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Author Topic: Sister Rosetta Tharpe biography  (Read 2087 times)

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Offline outfidel

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Sister Rosetta Tharpe biography
« on: March 17, 2007, 06:00:00 PM »
Can I Get an Amen?

March 18, 2007
The New York Times

The Untold Story of Rock-and-Roll Trailblazer Sister Rosetta Tharpe.
By Gayle F. Wald

In 1950, as the gospel singer and guitarist Sister Rosetta Tharpe was preparing for a guest performance on Perry Como?s television show, ?The Chesterfield Supper Club,? she was instructed to climb into a horse-drawn wagon and sing ?White Christmas? while simulating a country hayride. The Rosettes, her backing group, were told to wear bandannas. Tharpe objected to this latter indignity ? not an easy thing to do for a veteran singer hungering for a large audience ? and the Rosettes eventually performed without the demeaning bandannas. As Gayle F. Wald demonstrates in ?Shout, Sister, Shout!,? a short, absorbing biography, this was just one of many instances in which the expectations of the entertainment industry and the aspirations of this genre-defying artist were painfully out of sync.

Though the success Rosetta Tharpe attained during her four-decade career was largely in gospel music, she is most admired for her feisty R&B guitar playing. Listen to a few piquant licks from her 1938 Decca recordings, and the sonic vernacular of rock ?n? roll is sharply apparent. Yet, though her upbeat music and charismatic performance style attracted adherents like Little Richard, Jerry Lee Lewis and Johnny Cash, Tharpe is only lately being accorded her rightful place in rock history.

The R&B charts of the 1940s attest to her popularity, and songs like the rollicking ?Strange Things Happening Every Day? (1945) provide evidence of her show-stealing talent. But Tharpe?s career, which shuttled between sacred and secular modes, never settled into a niche that would have made her an avatar of any one musical moment. The music press could never quite place her either, inventing descriptions that complemented her honorific, like ?holy roller singer? and ?hymnswinger.?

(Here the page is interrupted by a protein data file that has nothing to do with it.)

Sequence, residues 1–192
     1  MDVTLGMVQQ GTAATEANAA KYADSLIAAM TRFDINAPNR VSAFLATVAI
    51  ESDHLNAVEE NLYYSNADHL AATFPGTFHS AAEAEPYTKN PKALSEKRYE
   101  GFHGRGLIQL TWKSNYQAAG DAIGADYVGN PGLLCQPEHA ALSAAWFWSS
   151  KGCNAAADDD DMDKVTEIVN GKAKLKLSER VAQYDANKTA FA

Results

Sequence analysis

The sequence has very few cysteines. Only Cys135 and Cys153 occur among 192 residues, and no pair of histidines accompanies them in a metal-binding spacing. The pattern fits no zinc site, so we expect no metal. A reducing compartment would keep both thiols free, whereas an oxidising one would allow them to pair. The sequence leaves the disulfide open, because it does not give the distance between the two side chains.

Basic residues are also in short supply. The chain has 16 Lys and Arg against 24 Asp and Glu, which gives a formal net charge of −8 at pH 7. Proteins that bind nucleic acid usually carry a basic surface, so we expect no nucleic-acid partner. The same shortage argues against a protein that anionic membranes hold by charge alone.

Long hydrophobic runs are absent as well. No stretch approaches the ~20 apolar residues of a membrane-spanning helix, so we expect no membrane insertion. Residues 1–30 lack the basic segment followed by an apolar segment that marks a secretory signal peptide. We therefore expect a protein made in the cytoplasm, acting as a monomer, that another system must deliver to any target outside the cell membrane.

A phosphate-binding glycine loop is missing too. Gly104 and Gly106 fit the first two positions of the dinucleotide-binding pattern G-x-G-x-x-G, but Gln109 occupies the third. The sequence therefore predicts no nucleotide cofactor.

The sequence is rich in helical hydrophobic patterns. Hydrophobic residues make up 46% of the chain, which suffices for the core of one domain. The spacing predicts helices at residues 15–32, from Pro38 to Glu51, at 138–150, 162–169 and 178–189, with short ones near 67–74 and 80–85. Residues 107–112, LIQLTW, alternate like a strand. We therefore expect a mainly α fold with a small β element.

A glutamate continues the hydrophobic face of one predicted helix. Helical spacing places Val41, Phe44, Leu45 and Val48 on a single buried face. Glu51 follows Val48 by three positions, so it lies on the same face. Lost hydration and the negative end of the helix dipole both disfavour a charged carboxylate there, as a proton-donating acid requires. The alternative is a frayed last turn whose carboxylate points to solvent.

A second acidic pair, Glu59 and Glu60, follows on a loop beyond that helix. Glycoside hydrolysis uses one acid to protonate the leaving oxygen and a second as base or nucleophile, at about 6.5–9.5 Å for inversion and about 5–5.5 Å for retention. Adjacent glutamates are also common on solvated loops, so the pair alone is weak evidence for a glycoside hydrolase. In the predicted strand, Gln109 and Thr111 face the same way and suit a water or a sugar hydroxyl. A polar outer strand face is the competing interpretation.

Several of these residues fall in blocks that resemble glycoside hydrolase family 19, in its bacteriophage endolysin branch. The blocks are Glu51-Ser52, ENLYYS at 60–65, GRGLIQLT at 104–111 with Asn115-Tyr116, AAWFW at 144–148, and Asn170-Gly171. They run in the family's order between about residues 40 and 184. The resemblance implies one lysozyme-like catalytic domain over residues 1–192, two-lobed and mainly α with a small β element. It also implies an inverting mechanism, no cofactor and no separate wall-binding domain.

In the 1940s, when big bands were hiring pretty girls with sweet voices to bob over their beats, Tharpe fronted Lucky Millinder?s raucous swing outfit with gutsy force. In the late 1950s, when blues revivalists prized rootsy growls and acoustic guitar twangs, she happily shouted praises over electric riffs. And when early rock historians reached back to trace the form?s lineage, this middle-aged lady cheerily shouting and soloing in front of robed choirs didn?t quite fit their secular, guitar-as-phallus ideal.

Rosetta Tharpe?s story, salvaged here by Wald, a professor of English at George Washington University, is very much a woman?s story, refreshingly free of Svengalis and impresarios. Her picaresque journey from Pentecostal child prodigy in Cotton Plant, Ark., to preteen phenom on Chicago?s church circuit to Cotton Club darling to one of gospel?s first recording stars is constantly surprising.

In Wald?s previous book, ?Crossing the Line: Racial Passing in Twentieth-Century U.S. Literature and Culture,? an academic examination of racial construction, she showed a taste for the messiness and necessary creativity at the margins of American cultural life. This interest helps her parse Tharpe?s musical contradictions and sensitively explore touchy issues like the hymnswinger?s rumored bisexuality, which some in her circle deny. The author finds humor and pathos in the tale of Tharpe?s third marriage ? a publicity stunt worthy of reality TV, staged on the field of Griffith Stadium in Washington and followed by a concert performed by Tharpe in her wedding dress.

Absent the personal recollections of Tharpe, who died in 1973 at the age of 58, the book relies on intimates and musical heavyweights, from her singing partner Marie Knight to the gospel singer Willa Ward-Royster of the Ward Singers to Isaac Hayes. Count Basie?s trumpeter Sweets Edison recounts her scorching performance for ?From Spirituals to Swing,? a groundbreaking 1938 concert at Carnegie Hall. And of Tharpe?s guitar prowess, Jeannette Eason, the wife of the steel guitarist Willie Eason, offers the assessment, ?Rosetta got her man in her hand,? an elucidation that beats any cultural-studies jargon outright.

Of course, fellow musicians also give more sobering accounts of the obstacles confronted by this resourceful woman, whose livelihood depended on wowing affluent whites at the Cotton Club and touring the Jim Crow South in a cramped bus that doubled as diner and hotel. But the hard-earned joy of Tharpe?s ascent, which comes through in her music, regularly drowns out the heartbreak. Archival clips on YouTube support anecdotes like the one told by her fellow Apollo performer Inez Andrews, who remembers Sam Cooke chiding guitarists after they shared a stage with Tharpe: ?Man, I wouldn?t let a woman outplay me!? Maybe not, but now they?ll all have to move over a step or two to make room for the good Sister?s big break into the canon of rock and soul legends.

Laura Sinagra writes about pop music and film for a variety of publications.
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